Mississippi pastor gives unique view in Unplugged
By Julie Whitehead
Madison County Herald
The Rev. Bert Gary admits that his new book, Jesus Unplugged: Provocative, Raw and Fully Exposed, was a difficult one to write — even though he completed the bulk of the manuscript in a four-week period while serving as a pastor in Flora.
“I’d look up at the clock and it would be 4 in the morning,” Gary said of his late-night writing sessions as pastor of the Flora/Bentonia charge in 1999. He pays homage to the struggle to write the book in his introduction when he writes, “If reading this book turns out to be anything like the experience of writing it, it might even be disturbing.”
What is so disturbing about the Jesus Christ depicted in Gary’s book, based on incidents taken out of the four Gospels of the Bible? According the Rev. Cary Stockett, senior pastor at Christ United Methodist Church in Jackson, readers may be surprised to find out how confrontational and in-your-face Jesus’ ministry and message really was.
“People, especially here in the South in the Bible Belt, need to be constantly confronted with the fact that Jesus wasn’t just a really nice guy and a good American,” Stockett said.
It’s a tendency among modern believers that Gary, pastor at Marvin United Methodist Church in Florence, thinks causes some to reduce the teachings of Christianity to a set of rules governing our public behavior.
Gary says too many Christians ignore the Bible verse that he uses as an epigraph in Chapter Two: “Beware when all speak well of you,” taken from the sixth chapter of the Gospel of Luke. “Sometimes you wonder if people really want to meet the whole Jesus or if they only want to see the nice-guy Jesus,” Gary said.
The book recounts incidents from Jesus’ life that run counter to the popular image of a long-suffering, meek Messiah, Stockett said. He compared Jesus’ rhetorical style in these stories to “pulling the pin on a hand grenade and throwing it into your foxhole.”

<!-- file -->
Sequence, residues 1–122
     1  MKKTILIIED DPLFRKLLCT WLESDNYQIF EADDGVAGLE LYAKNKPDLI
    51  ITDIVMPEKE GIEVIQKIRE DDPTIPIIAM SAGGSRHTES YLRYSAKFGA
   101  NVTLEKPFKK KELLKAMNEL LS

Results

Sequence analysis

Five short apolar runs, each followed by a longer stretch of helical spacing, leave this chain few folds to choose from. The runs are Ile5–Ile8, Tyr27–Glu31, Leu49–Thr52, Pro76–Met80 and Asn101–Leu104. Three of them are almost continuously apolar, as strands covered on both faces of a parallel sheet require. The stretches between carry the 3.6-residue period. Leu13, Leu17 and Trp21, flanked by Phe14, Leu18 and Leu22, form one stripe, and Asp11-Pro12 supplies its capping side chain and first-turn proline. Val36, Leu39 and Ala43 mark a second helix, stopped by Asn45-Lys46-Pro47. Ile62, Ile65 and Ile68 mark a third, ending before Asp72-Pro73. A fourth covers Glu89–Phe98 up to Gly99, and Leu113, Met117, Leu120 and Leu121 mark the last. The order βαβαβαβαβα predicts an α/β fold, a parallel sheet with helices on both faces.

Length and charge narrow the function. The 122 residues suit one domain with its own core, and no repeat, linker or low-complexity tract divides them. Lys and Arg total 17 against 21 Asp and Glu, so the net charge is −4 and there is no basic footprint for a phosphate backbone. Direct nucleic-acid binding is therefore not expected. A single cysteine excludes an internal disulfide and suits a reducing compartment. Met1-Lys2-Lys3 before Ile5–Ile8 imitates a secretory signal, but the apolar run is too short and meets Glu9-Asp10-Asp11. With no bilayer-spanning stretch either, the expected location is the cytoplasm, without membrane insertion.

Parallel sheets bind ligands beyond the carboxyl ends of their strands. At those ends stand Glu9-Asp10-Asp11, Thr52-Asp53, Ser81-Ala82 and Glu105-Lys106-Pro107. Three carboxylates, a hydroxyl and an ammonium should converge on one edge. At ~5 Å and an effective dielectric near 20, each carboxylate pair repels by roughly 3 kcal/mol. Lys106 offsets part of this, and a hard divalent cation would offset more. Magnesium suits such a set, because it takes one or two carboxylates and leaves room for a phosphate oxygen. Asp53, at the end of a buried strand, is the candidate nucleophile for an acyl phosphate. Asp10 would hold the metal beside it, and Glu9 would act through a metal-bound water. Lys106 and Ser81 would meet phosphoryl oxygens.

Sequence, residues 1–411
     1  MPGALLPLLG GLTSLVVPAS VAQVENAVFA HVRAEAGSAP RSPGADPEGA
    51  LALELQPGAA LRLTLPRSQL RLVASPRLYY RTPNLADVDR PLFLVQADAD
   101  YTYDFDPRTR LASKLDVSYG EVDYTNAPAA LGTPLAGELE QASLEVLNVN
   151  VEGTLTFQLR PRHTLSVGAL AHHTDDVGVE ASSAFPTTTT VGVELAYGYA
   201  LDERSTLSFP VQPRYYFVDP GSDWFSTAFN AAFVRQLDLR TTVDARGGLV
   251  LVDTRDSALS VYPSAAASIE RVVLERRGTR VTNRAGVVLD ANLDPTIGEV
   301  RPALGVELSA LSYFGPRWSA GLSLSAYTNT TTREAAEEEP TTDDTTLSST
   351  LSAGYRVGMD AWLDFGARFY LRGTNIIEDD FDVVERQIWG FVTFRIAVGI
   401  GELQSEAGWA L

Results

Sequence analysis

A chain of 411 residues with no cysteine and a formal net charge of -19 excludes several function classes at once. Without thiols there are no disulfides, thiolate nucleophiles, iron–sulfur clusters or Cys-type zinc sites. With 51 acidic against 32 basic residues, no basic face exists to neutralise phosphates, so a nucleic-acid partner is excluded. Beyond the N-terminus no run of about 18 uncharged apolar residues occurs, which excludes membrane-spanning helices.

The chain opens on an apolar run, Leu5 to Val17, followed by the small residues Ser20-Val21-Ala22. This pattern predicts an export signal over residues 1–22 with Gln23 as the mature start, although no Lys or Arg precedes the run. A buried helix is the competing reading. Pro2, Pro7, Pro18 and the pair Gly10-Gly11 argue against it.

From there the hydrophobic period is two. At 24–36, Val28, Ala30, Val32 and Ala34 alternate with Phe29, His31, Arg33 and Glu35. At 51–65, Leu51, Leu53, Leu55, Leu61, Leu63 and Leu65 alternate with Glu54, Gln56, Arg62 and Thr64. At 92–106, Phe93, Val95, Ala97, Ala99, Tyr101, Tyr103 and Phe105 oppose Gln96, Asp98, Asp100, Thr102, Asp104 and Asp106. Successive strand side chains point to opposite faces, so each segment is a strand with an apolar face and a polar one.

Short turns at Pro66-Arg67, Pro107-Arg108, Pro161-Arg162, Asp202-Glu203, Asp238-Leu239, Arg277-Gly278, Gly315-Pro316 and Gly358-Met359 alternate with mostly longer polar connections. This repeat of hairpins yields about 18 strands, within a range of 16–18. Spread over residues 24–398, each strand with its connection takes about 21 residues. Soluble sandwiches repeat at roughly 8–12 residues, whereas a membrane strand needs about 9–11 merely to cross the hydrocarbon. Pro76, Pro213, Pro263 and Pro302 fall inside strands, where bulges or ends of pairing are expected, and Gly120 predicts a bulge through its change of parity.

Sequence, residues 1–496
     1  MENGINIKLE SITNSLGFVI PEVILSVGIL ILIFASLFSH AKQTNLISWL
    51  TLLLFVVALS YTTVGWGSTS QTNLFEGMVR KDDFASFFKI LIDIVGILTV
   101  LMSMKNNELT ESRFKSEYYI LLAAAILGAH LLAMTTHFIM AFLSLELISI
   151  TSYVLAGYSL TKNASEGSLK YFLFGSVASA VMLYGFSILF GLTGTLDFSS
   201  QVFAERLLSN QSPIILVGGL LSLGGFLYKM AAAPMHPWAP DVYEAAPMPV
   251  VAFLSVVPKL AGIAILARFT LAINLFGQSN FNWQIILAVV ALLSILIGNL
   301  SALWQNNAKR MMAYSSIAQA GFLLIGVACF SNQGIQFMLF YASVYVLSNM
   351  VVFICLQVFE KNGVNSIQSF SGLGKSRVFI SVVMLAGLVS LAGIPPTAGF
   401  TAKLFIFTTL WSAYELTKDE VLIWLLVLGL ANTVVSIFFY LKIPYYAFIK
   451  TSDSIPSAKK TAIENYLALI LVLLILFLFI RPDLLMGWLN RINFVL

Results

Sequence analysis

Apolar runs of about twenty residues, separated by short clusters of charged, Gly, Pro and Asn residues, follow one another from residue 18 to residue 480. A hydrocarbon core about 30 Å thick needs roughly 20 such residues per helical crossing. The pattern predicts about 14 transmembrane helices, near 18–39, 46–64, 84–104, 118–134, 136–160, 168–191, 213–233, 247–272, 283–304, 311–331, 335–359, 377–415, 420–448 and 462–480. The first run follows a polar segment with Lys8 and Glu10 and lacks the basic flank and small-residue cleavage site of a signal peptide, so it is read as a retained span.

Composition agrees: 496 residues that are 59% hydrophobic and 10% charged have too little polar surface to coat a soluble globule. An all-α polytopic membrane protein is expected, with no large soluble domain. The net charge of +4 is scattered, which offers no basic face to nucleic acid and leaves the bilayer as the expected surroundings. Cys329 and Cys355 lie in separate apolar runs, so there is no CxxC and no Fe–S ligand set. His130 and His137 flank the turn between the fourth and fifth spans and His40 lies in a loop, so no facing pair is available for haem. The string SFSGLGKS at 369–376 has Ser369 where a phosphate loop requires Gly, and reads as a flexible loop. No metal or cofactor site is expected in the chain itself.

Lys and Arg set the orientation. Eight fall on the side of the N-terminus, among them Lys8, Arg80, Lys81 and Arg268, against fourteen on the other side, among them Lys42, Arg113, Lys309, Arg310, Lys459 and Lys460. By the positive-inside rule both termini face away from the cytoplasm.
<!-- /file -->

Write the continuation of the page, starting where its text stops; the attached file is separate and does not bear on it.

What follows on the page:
Gary noted that the idea for the book came out of his own experiences as a young pastor being challenged on many fronts while leading his churches — “being attacked and not knowing what to do about it,” as Gary put it. “Then I realized that Jesus has been saying that all along.”
Gary’s career as a writer, pastor and lecturer spans 20 years, many spent teaching in Israel between 1994 and 2001.
For 11 years, Gary directed and taught in two United Methodist graduate programs for local pastors for the Jerusalem Institute for Biblical Exploration as well as the Candler School of Theology at Emory University, his own alma mater.
Gary came to Rankin County this summer after several years serving as pastor of Flora UMC and Bentonia UMC. He currently lives in Florence with his wife, Kathy, and his three children ages 14, 17 and 20, but still owns a home in Flora.
The book took a winding road to publication after Gary finished it in 1999. He tried conventional means of finding a publisher, including researching publishers in Writer’s Market and going online to make electronic submissions.
One of those electronic submissions, to a writing contest sponsored by FaithWalk Publishing of Grand Haven, Mich., bore fruit in January 2005 when they contacted him to tell him his entry was among their top six finalists. “The prize for this contest was publication, and I won,” Gary said.
Osman Grice, store supervisor for Cokesbury Bookstore in Ridgeland, said the store has copies.
The reference is not accidental. Music is one among Gary’s many interests and in his acknowledgements, he lists Frank Zappa and Wolfgang Amadeus Mozart along with Winston Churchill, William Shakespeare and John Wesley as among those inspiring him in his life. “They all lived life fully, and they were deeply intelligent,” said Gary.
He noted he found particular inspiration in theologian John Wesley, who lived to be almost 90. “He was a late bloomer — he didn’t do his most creative work until he was 40 or 45,” Gary said.
The book’s ultimate purpose is to redirect people’s attention to the truth of the Gospels and making sure Christians understand how radical Jesus’ approach to ministry still is today. “The truth about Jesus is very important to me as a pastor and a Christian,” Gary said. “I want people to know the truth.”
This story appeared in the Nov. 5 edition of the “Madison County Herald” and is used with permission.